Potatoes are grown from putting parts of the potato in the ground.  Sprouts grow from the "eyes" to produce new plants.  Experimenting with what conditions cause potatoes to sprout is a fun science activity.  Students can learn the difference between growing from a seed (sexual reproduction) and growing from vegetative parts (asexual reproduction).

See this link for experimentation ideas. http://www.education.com/science-fair/article/under-what-conditions-do-potatoes-sprout-fastest/


Potato Travels

Using an outline map of the world, color in the countries where potatoes originated, traveled to and have had a major impact.  See The Humble Potato (resource listing) for more ideas.  Explore the social and economic impacts of the potato in terms of immigration.  There are many social studies and geography applications here.


Good Eating

Brainstorm with students some of the many ways that we eat potatoes.  Try preparing them in new ways and do taste tests of different recipes and different varieties. Evaluate their nutritional qualities.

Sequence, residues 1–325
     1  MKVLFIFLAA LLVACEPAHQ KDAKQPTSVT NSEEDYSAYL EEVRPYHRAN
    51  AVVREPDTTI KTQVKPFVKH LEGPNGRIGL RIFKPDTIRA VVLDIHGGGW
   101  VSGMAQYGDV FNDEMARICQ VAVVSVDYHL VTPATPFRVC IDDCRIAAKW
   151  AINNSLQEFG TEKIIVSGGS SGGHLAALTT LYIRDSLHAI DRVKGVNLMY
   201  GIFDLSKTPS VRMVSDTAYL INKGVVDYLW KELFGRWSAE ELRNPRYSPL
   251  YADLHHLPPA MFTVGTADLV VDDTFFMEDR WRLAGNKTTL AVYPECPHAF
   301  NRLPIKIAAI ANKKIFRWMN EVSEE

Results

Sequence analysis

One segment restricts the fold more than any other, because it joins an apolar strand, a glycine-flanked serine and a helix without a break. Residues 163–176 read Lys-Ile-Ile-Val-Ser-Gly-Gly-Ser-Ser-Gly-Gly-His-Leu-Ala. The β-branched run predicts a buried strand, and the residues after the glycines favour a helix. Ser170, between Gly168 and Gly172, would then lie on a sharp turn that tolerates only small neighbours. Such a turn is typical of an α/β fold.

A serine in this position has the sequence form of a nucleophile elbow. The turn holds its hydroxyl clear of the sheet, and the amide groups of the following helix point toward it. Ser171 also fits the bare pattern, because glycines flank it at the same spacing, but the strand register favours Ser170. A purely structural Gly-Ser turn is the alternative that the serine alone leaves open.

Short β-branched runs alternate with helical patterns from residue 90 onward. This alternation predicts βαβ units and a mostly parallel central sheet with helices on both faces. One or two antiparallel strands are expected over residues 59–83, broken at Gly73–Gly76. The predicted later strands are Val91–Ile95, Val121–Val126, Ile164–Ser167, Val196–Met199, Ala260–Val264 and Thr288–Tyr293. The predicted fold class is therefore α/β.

Grow 'Em

Plant potatoes in your school garden.  There are many ways to experiment with how to grow them.  They can be planted in a bucket with holes in the bottom, a column of soil surrounded by a hay bale stack or directly in the ground.  Be creative, have fun.  Don't be a couch potato!




Potatoes Teach

Reflections from Amy Landry, 4th grade teacher at the Derry Village School.  Her class was responsible for introducing the bill to adopt the white potato at New Hampshire's state vegetable.